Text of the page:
Ruth Graham, writing in Slate last week, also thinks my reading The Fault in Our Stars was a horrible mistake, but for another reason entirely: My crime in her eyes is that the book has been primarily marketed to teenagers, and when I read it, I was an unacceptably ancient 31 years old. In her piece, unsubtly titled “Yes, Adults Should be Embarrassed to Read Young Adult Books," Graham issues a disappointingly snobbish and shallow call to arms against the rising tide of young adult (YA) fiction landing on the bookshelves and e-readers of adults of the not-so-young variety. And she’s wrong.
Now that I’ve said that, I suppose I have to go through the tiring exercise of establishing my bona fides, so Graham doesn’t lump me in with those pitiable troglodytes whose YA consumption she only excuses by the fact that the only other culture they take in is “watching Nashville or reading detective novels.” Like Graham, I work with words professionally, and like most people who enter our line of work, that’s due to a love of reading that borders on religious; my course as a logophile was charted long before I could even reach the third shelf on the bookcase. And, despite the fact that reading takes up the bulk of my day job, I haven’t stopped consuming fiction for pleasure, and I like serious books, the sort she would approve of, full of poetic depictions of the quiet miseries of intellectual ennui, or whatever.
The main problem with Graham’s piece is that her argument for adult embarrassment rests mostly on the idea that all YA is simplistic and immature, a conclusion she defends by comparing some of the category’s most maudlin examples against the very best of literary fiction, willfully ignoring (among other things) the lesser works of her own unimpeachably grown-up literary idols. (“I think of John Updike and Alice Munro and other authors whose work has only become richer to me as I have grown older, and which never makes me roll my eyes,” she writes of her precocious teenage reading list. Oh please: It’s impossible to read Updike’s utterly ridiculous The Witches of Eastwick without risking complete ocular detachment.)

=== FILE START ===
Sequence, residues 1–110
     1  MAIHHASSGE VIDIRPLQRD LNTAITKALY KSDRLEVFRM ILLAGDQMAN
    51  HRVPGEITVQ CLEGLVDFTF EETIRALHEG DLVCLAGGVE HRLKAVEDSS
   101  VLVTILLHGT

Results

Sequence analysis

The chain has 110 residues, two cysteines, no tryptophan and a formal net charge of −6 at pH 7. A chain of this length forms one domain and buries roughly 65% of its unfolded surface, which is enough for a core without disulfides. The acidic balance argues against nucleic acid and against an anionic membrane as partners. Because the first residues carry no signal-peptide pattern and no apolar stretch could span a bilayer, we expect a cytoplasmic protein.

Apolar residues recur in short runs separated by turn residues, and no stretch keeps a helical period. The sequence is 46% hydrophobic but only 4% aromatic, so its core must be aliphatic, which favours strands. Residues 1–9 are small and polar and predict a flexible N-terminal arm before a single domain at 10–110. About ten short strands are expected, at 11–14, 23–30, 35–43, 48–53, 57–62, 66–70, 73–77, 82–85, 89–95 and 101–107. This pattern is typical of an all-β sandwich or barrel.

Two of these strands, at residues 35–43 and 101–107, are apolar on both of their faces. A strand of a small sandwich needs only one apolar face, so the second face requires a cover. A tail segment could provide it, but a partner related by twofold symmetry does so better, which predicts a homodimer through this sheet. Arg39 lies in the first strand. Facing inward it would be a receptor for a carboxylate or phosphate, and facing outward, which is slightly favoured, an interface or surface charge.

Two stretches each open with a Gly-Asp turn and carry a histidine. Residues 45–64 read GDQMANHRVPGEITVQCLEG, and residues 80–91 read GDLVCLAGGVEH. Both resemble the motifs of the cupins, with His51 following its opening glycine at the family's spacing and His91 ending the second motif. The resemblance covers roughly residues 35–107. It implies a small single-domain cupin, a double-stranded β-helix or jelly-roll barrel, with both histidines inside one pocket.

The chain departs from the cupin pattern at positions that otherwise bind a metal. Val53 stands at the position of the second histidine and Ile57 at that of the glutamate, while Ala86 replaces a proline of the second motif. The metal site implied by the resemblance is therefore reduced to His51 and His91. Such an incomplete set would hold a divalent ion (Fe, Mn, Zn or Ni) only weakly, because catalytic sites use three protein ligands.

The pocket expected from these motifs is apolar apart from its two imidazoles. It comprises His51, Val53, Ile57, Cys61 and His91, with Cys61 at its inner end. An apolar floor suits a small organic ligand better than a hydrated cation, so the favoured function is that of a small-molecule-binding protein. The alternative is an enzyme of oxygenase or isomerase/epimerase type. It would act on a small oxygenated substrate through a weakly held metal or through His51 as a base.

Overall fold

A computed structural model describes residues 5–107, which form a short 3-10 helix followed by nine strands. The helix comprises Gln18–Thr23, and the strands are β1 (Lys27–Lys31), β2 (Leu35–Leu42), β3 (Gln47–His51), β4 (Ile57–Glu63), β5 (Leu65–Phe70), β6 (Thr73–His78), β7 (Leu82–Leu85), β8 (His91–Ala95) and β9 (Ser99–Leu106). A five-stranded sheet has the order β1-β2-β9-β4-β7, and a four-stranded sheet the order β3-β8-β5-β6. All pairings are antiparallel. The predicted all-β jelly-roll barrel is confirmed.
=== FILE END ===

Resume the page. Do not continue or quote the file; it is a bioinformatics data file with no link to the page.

But, let’s not be distracted by the dazzle of Graham’s refusal to play fair with her straw men. There are two way more insidious elements at play in her rejection of adults reading YA — not to mention those “detective novels” she sneers at, an unattractive facial contortion which presumably extends to everything else in the world of genre fiction: sci-fi, fantasy, horror, romance, more.
First: Even if we grant Graham her very silly premises — that all YA is paint-by-numbers storytelling with relatable protagonists and satisfying endings; that only works of literary fiction can qualify as “stories that confound and discomfit,” populated by “people with whom [readers] can’t empathize at all”; and that being confounded by an unsympathetic protagonist is necessarily a good thing — she’s still committing a cardinal epistemic sin, the first mistake of the unbearably smug: Graham is conflating difficulty with virtue.
Not all books are difficult, and a catchy narrative voice or a likable main character or a thrilling plot doesn’t mean something’s not good. It’s okay for a book to have a plot that chugs along. It’s okay to have a happy ending — or a sad one, or any ending at all. It’s okay to know who the villain is from the beginning. It’s okay not to have your worldview shattered, to sometimes, in fact, have your thoughts and ideas reinforced. It is entirely okay — and this is the case no matter what section of the bookstore something is shelved in, up to and including literary fiction — for a novel to be easy to read.